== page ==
Although it is not clear who or what is the ziz mentioned in the Hebrew biblical text, the Jewish sages understood this mysterious name as belonging to a miraculous bird that was so big, its wingspan could block out the sun. As in this midrash in Genesis Rabbah 19:4:

“Rabbi Yehudah bar Simon said the bird Ziz is pure and when it spreads its wings it covers the sun … and Adam was created after all to rule over all.”

In Jewish mythology, Ziz is identified with the legendary bird Bar Yochnei mentioned in the Talmud: “Once an egg of the bird called Bar Yochnei fell, and the contents of the egg drowned sixty cities and broke three hundred cedar trees” (Bekhorot 57b). If you missed the hint, what the sages are saying is that if one egg of this bird could do all that damage, just imagine how big the bird must have been!

The third monster rules over the creatures of the land. In Hebrew writings is it called Behemoth and is described as a gigantic bull.

“Behold now Behemoth, which I made with thee; he eateth grass as an ox.

Lo now, his strength is in his loins, and his force is in the navel of his belly.

He moveth his tail like a cedar; the sinews of his stones are wrapped together.

His bones are as strong pieces of brass; his bones are like bars of iron.

He is the chief of the ways of God; He that made him can make His sword to approach unto him.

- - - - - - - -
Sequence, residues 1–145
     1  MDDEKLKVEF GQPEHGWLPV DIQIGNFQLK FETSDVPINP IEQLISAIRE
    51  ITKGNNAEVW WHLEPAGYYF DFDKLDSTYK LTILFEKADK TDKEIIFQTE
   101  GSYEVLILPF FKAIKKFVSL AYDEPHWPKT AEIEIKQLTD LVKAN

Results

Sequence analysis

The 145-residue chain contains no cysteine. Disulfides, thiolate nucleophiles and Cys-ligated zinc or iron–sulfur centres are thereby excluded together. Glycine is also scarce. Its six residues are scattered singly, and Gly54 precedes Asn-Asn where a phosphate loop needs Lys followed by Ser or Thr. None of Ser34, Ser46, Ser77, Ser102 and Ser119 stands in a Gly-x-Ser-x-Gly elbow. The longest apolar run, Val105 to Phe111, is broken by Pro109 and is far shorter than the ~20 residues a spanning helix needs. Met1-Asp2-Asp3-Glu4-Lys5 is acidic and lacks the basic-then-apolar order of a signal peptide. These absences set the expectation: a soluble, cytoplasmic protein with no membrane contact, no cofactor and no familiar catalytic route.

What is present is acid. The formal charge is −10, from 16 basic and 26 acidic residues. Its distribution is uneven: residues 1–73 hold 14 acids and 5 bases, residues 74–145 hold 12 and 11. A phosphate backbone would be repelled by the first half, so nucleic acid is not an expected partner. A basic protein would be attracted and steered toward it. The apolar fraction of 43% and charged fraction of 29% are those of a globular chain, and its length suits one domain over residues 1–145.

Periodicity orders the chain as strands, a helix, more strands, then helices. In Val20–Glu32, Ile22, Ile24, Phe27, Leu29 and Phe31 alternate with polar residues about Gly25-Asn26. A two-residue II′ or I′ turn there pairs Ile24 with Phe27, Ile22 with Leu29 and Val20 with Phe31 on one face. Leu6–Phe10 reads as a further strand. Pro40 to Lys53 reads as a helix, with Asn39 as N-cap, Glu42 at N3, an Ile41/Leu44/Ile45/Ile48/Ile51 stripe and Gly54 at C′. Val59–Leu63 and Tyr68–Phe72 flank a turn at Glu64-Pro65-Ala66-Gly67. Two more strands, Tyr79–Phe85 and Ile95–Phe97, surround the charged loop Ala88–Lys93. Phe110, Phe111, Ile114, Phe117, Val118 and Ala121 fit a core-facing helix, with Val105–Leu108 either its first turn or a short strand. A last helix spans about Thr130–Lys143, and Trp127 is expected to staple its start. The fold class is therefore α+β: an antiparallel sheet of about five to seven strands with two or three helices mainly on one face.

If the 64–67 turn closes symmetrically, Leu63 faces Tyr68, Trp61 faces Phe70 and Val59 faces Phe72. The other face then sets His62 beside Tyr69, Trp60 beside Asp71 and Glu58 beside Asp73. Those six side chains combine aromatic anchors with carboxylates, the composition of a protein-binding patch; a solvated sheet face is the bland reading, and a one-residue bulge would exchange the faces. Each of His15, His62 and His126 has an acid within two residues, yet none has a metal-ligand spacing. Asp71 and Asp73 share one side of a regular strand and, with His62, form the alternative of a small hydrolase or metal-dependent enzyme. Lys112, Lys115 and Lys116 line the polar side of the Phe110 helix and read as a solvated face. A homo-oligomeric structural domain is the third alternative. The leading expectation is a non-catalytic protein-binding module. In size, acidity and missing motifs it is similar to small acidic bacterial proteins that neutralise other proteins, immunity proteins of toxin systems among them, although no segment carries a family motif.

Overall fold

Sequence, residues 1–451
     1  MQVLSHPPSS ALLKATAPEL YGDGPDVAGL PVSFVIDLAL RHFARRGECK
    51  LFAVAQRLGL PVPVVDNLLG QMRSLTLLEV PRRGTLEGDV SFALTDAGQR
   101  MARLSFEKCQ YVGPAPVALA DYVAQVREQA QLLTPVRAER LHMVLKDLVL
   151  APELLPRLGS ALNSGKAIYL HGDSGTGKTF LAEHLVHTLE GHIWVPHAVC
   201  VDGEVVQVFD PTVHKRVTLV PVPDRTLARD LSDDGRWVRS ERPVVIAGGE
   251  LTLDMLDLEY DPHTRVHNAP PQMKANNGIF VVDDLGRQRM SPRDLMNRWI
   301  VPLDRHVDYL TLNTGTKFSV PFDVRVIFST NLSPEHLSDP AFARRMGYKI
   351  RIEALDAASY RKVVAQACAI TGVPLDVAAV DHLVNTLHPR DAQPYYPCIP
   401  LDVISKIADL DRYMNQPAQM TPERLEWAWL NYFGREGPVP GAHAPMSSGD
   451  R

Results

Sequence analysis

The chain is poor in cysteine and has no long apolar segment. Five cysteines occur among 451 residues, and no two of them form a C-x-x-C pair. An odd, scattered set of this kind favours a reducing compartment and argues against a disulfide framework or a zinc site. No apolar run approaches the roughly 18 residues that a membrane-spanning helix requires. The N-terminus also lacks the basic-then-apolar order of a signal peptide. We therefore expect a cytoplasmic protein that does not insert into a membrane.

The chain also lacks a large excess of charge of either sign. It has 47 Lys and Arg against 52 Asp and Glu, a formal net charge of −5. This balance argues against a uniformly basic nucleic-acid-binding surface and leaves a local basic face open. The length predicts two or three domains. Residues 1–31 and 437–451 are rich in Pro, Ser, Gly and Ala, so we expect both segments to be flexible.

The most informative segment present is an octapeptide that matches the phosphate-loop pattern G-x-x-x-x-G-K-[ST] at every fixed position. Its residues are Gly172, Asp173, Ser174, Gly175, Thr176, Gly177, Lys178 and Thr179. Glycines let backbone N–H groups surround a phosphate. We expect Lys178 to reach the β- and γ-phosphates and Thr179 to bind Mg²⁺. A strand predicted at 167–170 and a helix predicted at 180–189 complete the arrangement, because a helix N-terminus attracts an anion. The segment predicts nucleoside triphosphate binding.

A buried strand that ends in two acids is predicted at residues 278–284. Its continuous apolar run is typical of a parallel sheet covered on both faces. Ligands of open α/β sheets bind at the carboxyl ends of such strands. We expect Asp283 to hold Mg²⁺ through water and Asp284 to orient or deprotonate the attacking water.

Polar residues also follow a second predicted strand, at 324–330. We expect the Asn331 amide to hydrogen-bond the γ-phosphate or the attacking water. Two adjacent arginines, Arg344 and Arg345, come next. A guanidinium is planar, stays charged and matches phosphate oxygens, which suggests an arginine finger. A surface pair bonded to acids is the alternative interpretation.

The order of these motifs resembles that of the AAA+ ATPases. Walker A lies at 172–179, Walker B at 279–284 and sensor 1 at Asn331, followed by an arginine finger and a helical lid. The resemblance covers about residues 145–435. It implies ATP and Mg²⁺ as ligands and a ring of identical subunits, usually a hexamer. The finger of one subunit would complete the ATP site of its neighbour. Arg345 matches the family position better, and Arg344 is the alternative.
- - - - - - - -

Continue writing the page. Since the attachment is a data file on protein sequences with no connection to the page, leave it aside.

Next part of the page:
Surely the mountains bring him forth food, where all the beasts of the field play.

He lieth under the shady trees, in the covert of the reed and fens.

The shady trees cover him with their shadow; the willows of the brook compass him about.

Behold, he drinketh up a river and hasteneth not; he trusteth that he can draw up the Jordan into his mouth.

Will any take him with his sight, or bore his nose with a snare?”

(Job 40:14–24)

Since the 17th century, biblical scholars have identified the Behemoth with the hippopotamus. Etching by William Blake of the Behemoth and Leviathan

However, with all due respect to the supremacy of the three monsters over other beasts, it was important to subordinate them to God because none were mightier or stronger than Him or could threaten His unwavering rule. Therefore, Jewish lore tells us that the first two beasts (Leviathan and Ziz) were created on the fourth day, and the Behemoth on the fifth day.

Needless to say, the three monsters are busy all year round. At the beginning of the summer, autumn and winter seasons they take part in a special ceremony. Each sounds a special warning to all the other animals –  the Behemoth roars, the Ziz screams and the Leviathan stirs the sea – in case any creature feels tempted to multiply or grow excessively and thus bring life in the world to an end.

These three mighty beasts were also given a messianic role. A fierce battle between the Leviathan and Behemoth is described as taking place in the End of Days. At its climax, both will be killed, and their meat will be served to the righteous at a spectacular banquet in heaven.

No doubt, the significance of the three monsters sounds strange to our modern ears. But perhaps there is still something to learn from them regarding the balance of nature. After all, experts have been warning us now for decades of the excessive dominance of one animal in particular – the human – who has been wreaking havoc on the entire ecosystem for a quite a while now: on land, in the air and in sea.